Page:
Book Banning: a win for the team
RWA files for bankruptcy
Nobel laureate Alice Munro has died
The book sale of your dreams
3 book marketing misconceptions
Fiction

Nonfiction

Poetry

Contests

Flash

Resources

Superman

Superman

by Emile DeWeaver
A mother-of-pearl mirror-stand, rolled rugs from Damascus, and other brick-a-brac from when I went through my I’m-gay-but-proud-to-be-Syrian bullshit fill the shadows in my garage.
Letter to Francisco

Letter to Francisco

by Mark Ramirez
I wonder what it feels like to die; to feel the rhythm of your body / fall to rest as you watch your final breath dissipate, / to speak only through dreams and the grainy film of memory.
Weeding

Weeding

by Art Nahill
Kneeling amidst / the camellias, roses / culling the self / sown from the cultivated / the disdained / from the highly-regarded / I’m reminded / how circumstance / defines us
Hidden in the Bone

Hidden in the Bone

by Jim Krosschell
Lately, as I’ve progressed from little walks around the living room to real walks around the block, the neighborhood seems to be different.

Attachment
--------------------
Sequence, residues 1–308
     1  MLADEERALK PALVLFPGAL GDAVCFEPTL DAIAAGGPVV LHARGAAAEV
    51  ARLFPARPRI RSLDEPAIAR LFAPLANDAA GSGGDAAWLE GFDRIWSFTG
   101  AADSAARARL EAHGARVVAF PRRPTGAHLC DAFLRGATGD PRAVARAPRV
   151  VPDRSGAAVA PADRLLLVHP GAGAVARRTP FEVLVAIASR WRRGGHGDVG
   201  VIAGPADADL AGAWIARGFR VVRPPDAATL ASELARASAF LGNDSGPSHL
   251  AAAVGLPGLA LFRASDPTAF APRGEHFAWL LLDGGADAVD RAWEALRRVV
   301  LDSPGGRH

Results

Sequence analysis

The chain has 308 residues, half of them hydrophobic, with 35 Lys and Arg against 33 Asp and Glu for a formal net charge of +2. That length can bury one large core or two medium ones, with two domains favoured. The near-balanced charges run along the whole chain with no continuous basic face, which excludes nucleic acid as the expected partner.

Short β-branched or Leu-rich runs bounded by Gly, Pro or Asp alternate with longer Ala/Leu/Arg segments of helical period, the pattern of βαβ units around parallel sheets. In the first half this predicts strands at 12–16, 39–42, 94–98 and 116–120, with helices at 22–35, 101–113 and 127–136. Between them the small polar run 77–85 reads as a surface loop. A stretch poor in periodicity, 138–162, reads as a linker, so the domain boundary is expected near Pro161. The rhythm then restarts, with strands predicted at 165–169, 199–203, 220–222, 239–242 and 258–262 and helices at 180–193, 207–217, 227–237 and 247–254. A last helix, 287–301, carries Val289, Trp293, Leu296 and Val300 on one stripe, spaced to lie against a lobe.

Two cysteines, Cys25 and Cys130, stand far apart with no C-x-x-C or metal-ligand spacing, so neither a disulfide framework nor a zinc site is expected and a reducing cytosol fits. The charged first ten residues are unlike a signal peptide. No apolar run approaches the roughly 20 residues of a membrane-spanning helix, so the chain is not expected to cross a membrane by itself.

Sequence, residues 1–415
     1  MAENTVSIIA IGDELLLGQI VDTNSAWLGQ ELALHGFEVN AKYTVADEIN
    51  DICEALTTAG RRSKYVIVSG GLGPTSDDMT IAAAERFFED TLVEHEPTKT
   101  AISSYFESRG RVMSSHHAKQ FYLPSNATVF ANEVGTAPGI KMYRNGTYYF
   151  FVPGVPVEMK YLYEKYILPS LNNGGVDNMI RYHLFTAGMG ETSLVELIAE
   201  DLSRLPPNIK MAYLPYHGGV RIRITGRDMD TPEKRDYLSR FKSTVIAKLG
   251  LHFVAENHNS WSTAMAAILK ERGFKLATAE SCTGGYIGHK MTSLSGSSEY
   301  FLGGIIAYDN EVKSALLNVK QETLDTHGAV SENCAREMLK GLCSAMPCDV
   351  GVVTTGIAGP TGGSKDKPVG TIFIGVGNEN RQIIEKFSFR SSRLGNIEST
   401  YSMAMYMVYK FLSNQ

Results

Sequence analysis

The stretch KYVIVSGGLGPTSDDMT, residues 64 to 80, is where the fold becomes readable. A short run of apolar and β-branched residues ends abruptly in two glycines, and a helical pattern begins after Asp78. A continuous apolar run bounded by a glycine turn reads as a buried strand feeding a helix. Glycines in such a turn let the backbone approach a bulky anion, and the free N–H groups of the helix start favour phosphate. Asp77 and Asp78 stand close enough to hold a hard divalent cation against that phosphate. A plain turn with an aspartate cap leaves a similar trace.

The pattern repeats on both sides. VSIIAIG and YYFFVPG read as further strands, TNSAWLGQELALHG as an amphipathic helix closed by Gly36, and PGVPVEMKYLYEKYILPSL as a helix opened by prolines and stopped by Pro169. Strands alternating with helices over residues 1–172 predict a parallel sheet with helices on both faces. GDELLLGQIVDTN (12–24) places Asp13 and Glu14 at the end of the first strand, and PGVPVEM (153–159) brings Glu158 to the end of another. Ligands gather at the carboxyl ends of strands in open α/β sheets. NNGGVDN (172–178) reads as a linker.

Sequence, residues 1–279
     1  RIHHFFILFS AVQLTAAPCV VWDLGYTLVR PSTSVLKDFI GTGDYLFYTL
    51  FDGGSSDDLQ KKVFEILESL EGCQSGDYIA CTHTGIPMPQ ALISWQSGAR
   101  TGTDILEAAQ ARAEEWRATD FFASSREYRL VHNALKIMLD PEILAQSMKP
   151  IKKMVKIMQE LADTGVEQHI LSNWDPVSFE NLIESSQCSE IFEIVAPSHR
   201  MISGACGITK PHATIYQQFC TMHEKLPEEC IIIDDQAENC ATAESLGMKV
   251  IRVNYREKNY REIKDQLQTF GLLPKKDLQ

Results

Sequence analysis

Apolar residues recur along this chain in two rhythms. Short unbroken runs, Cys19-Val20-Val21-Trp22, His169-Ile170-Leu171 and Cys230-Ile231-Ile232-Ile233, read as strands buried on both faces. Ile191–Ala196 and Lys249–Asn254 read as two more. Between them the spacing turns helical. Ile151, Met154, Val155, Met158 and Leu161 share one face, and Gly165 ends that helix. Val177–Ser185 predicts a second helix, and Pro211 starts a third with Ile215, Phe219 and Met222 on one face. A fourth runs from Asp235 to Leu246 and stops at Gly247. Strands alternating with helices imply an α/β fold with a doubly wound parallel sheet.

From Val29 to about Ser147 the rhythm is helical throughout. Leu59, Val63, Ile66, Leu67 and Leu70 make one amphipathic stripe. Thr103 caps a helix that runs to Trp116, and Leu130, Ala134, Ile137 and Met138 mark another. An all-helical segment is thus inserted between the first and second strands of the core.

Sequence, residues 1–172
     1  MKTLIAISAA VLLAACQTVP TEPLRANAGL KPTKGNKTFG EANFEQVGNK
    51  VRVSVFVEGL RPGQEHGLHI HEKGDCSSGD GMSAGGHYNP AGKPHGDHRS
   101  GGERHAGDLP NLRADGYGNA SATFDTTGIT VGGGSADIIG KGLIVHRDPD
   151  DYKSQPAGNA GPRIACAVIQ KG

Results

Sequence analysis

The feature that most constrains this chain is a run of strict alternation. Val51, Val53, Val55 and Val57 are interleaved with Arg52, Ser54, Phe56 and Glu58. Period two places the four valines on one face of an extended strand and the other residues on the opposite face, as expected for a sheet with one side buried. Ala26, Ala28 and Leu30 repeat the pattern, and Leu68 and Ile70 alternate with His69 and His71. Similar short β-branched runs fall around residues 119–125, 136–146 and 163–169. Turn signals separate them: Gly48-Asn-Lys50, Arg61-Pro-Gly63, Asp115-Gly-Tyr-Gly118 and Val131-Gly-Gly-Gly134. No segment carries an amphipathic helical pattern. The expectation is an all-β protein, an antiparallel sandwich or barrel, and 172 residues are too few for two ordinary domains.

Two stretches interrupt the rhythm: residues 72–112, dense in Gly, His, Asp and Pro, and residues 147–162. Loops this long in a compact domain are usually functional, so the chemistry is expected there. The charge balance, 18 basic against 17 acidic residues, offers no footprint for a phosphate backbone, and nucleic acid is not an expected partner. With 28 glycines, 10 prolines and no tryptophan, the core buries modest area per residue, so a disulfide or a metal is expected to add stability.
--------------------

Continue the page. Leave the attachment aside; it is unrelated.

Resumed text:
Face Value

Face Value

by Randy Osborne
“I don’t expect you to remember me,” she says. The Atlanta bar is loud around us. She’s maybe late 30s, with dark hair and eyes, apple cheeks, a certain kind of defiance about the lips.
Red Apple

Red Apple

by Rustin Larson
I soak my sleeve in water just to foul things up a bit, / Create a small level of misery, to keep the defense / Honest.
Garden Constellations

Garden Constellations

by Amie Sharp
The yard looks still. / Winds riffle green-coin / leaves, slim white-preened bark.
The Hideaway Motel in Altoona, Pennsylvania

The Hideaway Motel in Altoona, Pennsylvania

by Lauren Hall
Mrs. Norris begins the afterlife in room 3B, the wheels of an empty suitcase skittering behind her. She takes her crossword puzzle to a café and bides her time.
Five Poems

Five Poems

by Simon Perchik
Though it’s familiar this flower / doesn’t recognize the breeze / wriggling out the ground / as that distance without any footsteps
It all began around a campfire…

Beautiful language

is meant to be heard as well as read, and in fact words were vocalized eons before they were ever committed to clay or parchment. Storytelling began around campfires. We seek prose and poetry that continue the tradition.

Contributor Spotlight:

Love and Hot Chicken

by Mary Liza Hartong

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Open Contests

by Stephen Parrish, with the editors of The Lascaux Review